Marianne Reninger


Unfortunate Soul - Poem by Marianne Reninger

They say, 'PTSD, Alcoholism,
A Druggie,
Don't let him take advantage,
Don't let him fool you.'
Him with his cardboard sign-
Food please, Work please....

But your heart tugs, you
Swallow hard
You don't want to ignore
Him and keep on going.
You imagine bills in his hand,
Sandwich for his pocket,
Maybe a direction card
For the nearest shelter.

They say, 'At least he's free
In this land of milk and honey.
Don't let him fool you,
Him with his cardboard sign..'
And the light turns green,
And we drive on...... Marianne Larsen Reninger

Topic(s) of this poem: homeless, poverty, usa


Poet's Notes about The Poem

Have we all, in the USA, not been there? Should Equality not only be a Goal in Emerging Nations, but wealthy ones?

Comments about Unfortunate Soul by Marianne Reninger

  • Seamus O' Brian (9/7/2016 8:22:00 AM)


    When I was working with the Camillus House in Miami, I was told by one man who spent considerable time on the street that loneliness is actually one of the most painful aspects of homelessness. Being surrounded by a city full of people who choose to not see you. To have no one to talk to while being surrounded by people rushing on to more important things. To be seen as less than human. (Report) Reply

    0 person liked.
    0 person did not like.
  • (7/9/2016 4:27:00 PM)


    Its a cruel reality, to see those with sever mental health issues and addiction problems become the unwashed that society walk pass or fill them up with cement so the cracks don't show, I know I have seen people in need and at times either walk away or try to listen to them just to show there not ignored. The person speaking in your last stanza reminds me of a time many years ago, I was in a Wendy's with my grandmother and a women came in with a cardboard sign saying she was deaf and needed money, I was about to give her a toonie in my pocked when my grandmother stopped me and said she's lying she's probably a drug addict perhaps she was lying, but how desperate do you have to be to wind up like that. This poem reminds me of that. Stellar work, bringing up issues that some people are afraid or not interested to address. (Report) Reply

    Marianne Reninger Marianne Reninger (7/9/2016 5:32:00 PM)

    I still fight those same emotions every time I see a homeless person. It doesn't go away or get better or get resolved. Just wanted to make people think!

  • Hazel Durham (5/19/2016 9:10:00 AM)


    The people who live in the shadows of life, the forgotten people but they could be you and me, we should always help people and feed our souls to change our attitude!
    Great write!
    (Report) Reply

  • Brian Mayo (3/6/2016 10:44:00 AM)


    It almost becomes a gut-reaction, saying no.- -a habit.
    If your poem does nothing more than make us think twice the next time we have the opportunity to give, you have succeeded immeasurably. Well done.
    (Report) Reply

    Marianne Reninger Marianne Reninger (3/6/2016 10:52:00 AM)

    Thanks Brian. This was written for our new e-book on Inequality and I realized I had a much more difficult time coming up with answers that didn't sound pat and know-it-all than I had to write on Terrorism, which had specific cause and effects. All I could do was state the problem from a U.S.A. perspective and let everyone make up their own minds. Thanks for realizing that dilemma.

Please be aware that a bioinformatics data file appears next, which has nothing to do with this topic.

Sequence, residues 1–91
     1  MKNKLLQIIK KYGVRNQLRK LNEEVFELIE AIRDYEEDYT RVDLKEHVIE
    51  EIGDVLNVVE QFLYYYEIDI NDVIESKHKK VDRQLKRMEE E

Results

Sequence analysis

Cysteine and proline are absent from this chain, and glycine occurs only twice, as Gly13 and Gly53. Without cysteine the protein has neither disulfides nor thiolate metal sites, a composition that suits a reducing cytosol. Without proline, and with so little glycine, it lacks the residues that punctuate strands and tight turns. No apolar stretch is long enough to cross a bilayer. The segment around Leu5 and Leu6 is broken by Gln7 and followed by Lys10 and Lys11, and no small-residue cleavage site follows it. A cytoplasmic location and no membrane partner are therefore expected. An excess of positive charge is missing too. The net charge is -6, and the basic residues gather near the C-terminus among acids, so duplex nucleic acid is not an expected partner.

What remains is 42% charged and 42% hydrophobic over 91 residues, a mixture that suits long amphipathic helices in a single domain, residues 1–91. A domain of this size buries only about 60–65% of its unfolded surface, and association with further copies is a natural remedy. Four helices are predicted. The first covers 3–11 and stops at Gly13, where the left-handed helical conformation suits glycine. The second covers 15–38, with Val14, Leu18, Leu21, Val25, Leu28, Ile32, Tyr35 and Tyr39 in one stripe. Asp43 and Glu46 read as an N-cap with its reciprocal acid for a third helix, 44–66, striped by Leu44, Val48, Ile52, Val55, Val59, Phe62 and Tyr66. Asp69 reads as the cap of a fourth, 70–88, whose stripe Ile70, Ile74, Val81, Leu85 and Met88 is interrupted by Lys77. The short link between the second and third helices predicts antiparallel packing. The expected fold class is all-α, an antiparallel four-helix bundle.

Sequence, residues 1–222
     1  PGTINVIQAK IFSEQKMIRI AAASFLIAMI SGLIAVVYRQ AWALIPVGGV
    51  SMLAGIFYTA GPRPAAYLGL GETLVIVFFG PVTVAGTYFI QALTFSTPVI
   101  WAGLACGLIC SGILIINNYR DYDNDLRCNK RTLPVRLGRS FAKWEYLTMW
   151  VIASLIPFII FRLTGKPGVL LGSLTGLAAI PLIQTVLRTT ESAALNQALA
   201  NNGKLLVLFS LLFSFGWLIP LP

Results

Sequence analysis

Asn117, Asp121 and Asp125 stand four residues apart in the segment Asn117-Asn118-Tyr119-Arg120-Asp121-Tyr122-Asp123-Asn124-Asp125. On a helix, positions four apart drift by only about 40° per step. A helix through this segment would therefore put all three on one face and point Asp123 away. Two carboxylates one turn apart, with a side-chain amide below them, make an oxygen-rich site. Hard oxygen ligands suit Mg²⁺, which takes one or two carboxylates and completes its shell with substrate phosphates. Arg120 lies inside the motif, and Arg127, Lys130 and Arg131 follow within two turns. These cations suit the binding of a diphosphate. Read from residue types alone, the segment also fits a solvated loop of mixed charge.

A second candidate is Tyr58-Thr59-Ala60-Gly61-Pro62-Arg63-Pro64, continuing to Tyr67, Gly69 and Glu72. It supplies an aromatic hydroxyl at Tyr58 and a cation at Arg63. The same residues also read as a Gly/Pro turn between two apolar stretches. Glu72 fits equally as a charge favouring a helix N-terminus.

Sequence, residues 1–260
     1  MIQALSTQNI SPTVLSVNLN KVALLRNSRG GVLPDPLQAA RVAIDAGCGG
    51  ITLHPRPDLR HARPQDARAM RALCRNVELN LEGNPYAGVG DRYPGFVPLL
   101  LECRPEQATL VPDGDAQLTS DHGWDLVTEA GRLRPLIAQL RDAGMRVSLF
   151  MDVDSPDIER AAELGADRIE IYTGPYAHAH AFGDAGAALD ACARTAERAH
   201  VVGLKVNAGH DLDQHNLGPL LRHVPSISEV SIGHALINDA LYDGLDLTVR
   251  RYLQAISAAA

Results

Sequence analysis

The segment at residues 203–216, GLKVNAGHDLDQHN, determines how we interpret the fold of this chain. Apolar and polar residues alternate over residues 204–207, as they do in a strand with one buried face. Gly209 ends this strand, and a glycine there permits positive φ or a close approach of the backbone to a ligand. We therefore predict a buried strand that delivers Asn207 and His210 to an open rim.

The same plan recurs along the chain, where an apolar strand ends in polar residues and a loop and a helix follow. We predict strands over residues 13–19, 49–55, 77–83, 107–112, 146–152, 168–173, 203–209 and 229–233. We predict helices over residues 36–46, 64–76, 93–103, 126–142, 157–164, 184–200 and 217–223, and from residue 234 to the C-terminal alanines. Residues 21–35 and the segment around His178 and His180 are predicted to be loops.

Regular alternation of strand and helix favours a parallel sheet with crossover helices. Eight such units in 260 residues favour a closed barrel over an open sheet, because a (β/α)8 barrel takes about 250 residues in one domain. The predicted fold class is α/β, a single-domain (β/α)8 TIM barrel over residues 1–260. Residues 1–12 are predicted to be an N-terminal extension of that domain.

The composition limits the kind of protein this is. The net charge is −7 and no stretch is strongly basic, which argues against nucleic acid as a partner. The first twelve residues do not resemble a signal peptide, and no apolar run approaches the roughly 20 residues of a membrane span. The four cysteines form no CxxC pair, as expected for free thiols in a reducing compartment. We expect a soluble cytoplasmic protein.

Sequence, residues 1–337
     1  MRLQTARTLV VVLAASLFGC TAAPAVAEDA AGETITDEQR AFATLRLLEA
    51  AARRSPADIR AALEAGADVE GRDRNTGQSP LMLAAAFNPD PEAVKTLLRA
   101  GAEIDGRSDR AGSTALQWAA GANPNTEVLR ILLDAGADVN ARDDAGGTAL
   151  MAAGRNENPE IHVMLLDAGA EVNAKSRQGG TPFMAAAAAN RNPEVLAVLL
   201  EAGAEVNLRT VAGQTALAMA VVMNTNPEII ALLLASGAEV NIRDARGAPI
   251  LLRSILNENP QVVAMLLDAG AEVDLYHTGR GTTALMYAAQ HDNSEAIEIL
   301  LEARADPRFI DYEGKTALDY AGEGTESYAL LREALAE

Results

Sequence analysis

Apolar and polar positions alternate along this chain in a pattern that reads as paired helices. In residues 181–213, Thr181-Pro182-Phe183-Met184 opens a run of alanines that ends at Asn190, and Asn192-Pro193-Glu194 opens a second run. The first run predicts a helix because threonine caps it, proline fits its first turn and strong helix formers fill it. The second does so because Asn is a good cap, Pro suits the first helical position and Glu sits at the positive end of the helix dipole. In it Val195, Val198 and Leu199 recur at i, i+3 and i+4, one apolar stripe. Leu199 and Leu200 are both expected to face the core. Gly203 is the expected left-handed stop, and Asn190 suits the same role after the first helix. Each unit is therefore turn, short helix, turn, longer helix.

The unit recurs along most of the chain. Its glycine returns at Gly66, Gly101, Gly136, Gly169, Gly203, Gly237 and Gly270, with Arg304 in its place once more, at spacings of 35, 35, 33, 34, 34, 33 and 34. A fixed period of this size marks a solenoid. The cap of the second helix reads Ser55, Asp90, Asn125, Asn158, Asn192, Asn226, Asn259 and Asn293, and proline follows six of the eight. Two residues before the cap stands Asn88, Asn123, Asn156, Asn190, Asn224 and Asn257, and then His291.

• Edmund Strolis (1/30/2016 1:25:00 AM)


    I have always been amused and somewhat irritated by people that dismiss the person with the sign. It is one thing to not want to give and an entirely different thing to believe that we can presume to know what the person's story really is. Don't let him fool you they say but I am far too defensive and logical and will always demand to know how a person pretends to know that the individual is only pretending to be destitute. I give when I can, follow my gut and I would rather be wrong about reaching out to somebody than to be wrong and ignore them. Wonderful writing and observations on life. (Report) Reply

  • Pamela Sinicrope (1/24/2016 8:46:00 AM)


    This is such an important poem. I am glad you wrote it Marianne. It rings true in my ears. I see this all the time, even in my small town. And every time I see one of those signs, multiple things go through my mind, as you describe. There's a small conflict of sorts that occurs in the mind with each interaction. Yes, equality should be a goal in all nations. This is a poem, that puts you in that situation once again....and you're not given the answer, but your given the opportunity to think...to see how this problem aligns in your conscience. (Report) Reply

    Marianne Reninger Marianne Reninger (1/24/2016 9:15:00 AM)

    Pam, thanks. Please, if you have time, contrast this poem with the Billions poem preceding it. I began t o think that the Billions poem was too slick, to concentrating on rhythm and song style to be relevant, even though it contained important information. Also, think I might contribute Unfortunate Soul to the Inequality ebook. Would you mind checking it carefully to see if you can spot any improvements? I value your opinion so much; also, I think, even though I'm old enough to be your Mom, we sync from the same emotional places....Marianne

Read all 9 comments »



Read this poem in other languages

This poem has not been translated into any other language yet.

I would like to translate this poem »

word flags


Poem Submitted: Sunday, January 24, 2016



[Report Error]